KATHMANDU: Despite a significant increase in the number of passengers and aircraft movement, Tribhuvan International Airport (TIA) — the country’s sole international airport — is at the centre of criticism for its dismal state of infrastructure and services. Although tourist
arrivals have surged by more than 50 per cent in the last five years, the TIA infrastructure has remained stagnant and failed to keep pace.
Blame game Civil Aviation Authority of Nepal (CAAN) attempted to ease airport congestion and enhance quality service by discussing the
inclusion of private firms for ground handling. However, this move could not even take off, as it would affect the sustainability of Nepal
Airlines Corporation (NAC). “We were forced to drop discussions of introducing private players for ground handling after taking into account
the bleak scenario of NAC,” says CAAN Director General Tri Ratna Manandhar. According to him, complaints of NAC’s ground support
service are on the rise, along with cases of thefts and tampered or missing luggage. Manandhar adds, “Enjoying a monopoly over ground
handling without improving service and disagreeing to compete with the private sector will not only make the national carrier stagnant but also more vulnerable.”
On the other hand, NAC refuses to give up its lucrative source, stating that CAAN cannot call for any tender, as its commercial agreement for ground handling is valid till February 9, 2014. “Instead of introducing another private firm, CAAN should concentrate on improving TIA
infrastructure,” says Ganesh Thakur, deputy managing director of NAC, adding that NAC is ready to enter into competition with private firms through global tender only after the contract ends. As per Thakur, it is the poor, outdated infrastructure and ineffective management of TIA which has created hassles for ground handling. He adds, “Technically, we are sound and capable of parking nine aircraft and four wide body aircraft.” NAC has been providing ground handling services to all international airlines, except Thai Airways and Indian
Airlines. It earns more than Rs two billion annually through ground handling service, out of which, TIA is entitled to 10 per cent royalty.
Meanwhile, airline operators complain of poor services and believe that the involvement and influence of NAC employees, unions, top brass and politics involved in the aviation sector has obstructed progress. “Airline operators are paying through their noses, but the service we are getting in return is unsatisfactory,” says Bhola Bickram Thapa, GSA of Gulf Air. “How can one evaluate the quality of service if there is only one player and no competition?” he questions, adding that it would be commendable if NAC increased its efficiency.
Justifying the expensive ground handling charge, Thakur says, “Though the policy stipulates duty free,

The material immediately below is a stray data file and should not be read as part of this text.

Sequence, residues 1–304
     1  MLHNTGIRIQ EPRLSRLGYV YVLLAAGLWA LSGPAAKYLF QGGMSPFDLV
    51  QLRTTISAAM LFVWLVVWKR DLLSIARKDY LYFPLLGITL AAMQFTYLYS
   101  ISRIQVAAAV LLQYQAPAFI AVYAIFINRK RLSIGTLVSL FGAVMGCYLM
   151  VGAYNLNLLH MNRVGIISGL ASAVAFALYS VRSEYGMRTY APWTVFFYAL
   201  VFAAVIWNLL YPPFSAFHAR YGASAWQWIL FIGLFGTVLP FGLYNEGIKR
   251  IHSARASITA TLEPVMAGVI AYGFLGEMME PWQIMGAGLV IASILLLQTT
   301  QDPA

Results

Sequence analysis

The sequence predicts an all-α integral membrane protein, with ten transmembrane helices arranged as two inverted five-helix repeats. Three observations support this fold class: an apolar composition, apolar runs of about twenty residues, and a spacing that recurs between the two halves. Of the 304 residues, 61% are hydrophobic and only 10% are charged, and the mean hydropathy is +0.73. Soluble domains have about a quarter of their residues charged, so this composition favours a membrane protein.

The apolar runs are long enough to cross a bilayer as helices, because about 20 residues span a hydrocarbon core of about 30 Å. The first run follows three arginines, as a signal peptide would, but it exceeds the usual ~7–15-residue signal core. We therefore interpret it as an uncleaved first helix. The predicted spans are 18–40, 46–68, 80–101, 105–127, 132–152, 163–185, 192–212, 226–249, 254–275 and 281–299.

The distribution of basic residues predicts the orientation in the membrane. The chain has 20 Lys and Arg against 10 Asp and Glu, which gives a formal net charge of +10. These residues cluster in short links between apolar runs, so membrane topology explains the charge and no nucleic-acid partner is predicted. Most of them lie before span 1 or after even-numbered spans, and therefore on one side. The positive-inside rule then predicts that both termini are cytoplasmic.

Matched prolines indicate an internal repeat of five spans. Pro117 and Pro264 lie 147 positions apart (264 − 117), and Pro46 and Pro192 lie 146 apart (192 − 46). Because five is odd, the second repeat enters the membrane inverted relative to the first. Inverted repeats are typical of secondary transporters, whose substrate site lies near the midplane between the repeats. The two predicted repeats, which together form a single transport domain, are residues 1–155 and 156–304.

we have to pay heavy custom duty of almost 80 per cent on airport equipment.” However, it is common knowledge that Nepali ground handling charge is one of the most expensive in South Asia.
There has been no dearth of studies conducted to upgrade TIA, but nothing significant has been achieved so far. As per a study by Asian Development Bank (ADB) in 2009, the total cost of upgrade was estimated at USD 600 million. The report suggested implementing the TIA project on public-private partnership format. “We can’t do anything except hope that execution of ADB’s master plan will be done some day,” says an airline operator. Similarly, the report prepared by tourism entrepreneur, Jyoti Adhikari and his team titled ‘High Level Study of Internation and Domestic Airports of Nepal’ painted a dark picture of TIA. “TIA has been reduced to a resource centre that is
exploited by all concerned. No one has ever made the slightest effort to improve its image — neither its staff nor the political leaders,” says Adhikari.
The ADB report states that the present passenger terminal building has reached full capacity, is congested and poorly maintained. The aprons for aircraft parking are also congested and need to be upgraded by 2015. However, these projects have not even been initiated
till date, which only reduces the possibilities of TIA trans-forming any time soon. As per the report, TIA needs add-itional investment of approximately Rs 59 billion, and CAAN cannot manage such funding with its revenue of Rs three billion annually as of 2009.
“We have neither been able to develop TIA as a transit hub and nor are we in a condition to extend its physical infra-
structure because of lack of space,” says Yagya Prasad Gautam, secretary at the Ministry of Culture, Tourism and Civil Aviation. Gautam
admits that the scenario at TIA is depressing, adding that cooperation with all stakeholders is important for its up gradation.
Gautam says, “To meet the growing requirements of aviation sector, we need to set up a full-fledged airport equipped with parallel runways.”
The private sector is eager to witness much needed improvments at TIA. According to immediate Past President of Nepal Association of Tour Operators, Basanta Raj Mishra, it is shameful that TIA lacks even basic amenities and facilities. “It’s a natter of embarrassment that TIA doesn’t offer even fundamental services and lacks proper coordination between different units. The absence of trained and well-
qualified staffs at immigration has worsened the issue,” says Mishra, adding that TIA management does not even perform the basic duties it can easily fulfil and which do not require any major effort — such as maintaining clean toilets, disseminating correct inform-ation to passengers and utilising all available services. He further says, “All concerned authorities have visited the world’s top airports. But when it comes to upgrading TIA in terms of comfort and con-venience, they lack common sense.” He opines that as TIA is the first place that greets visitors, they get a bad first impression about the whole nation in the present dismal scenario.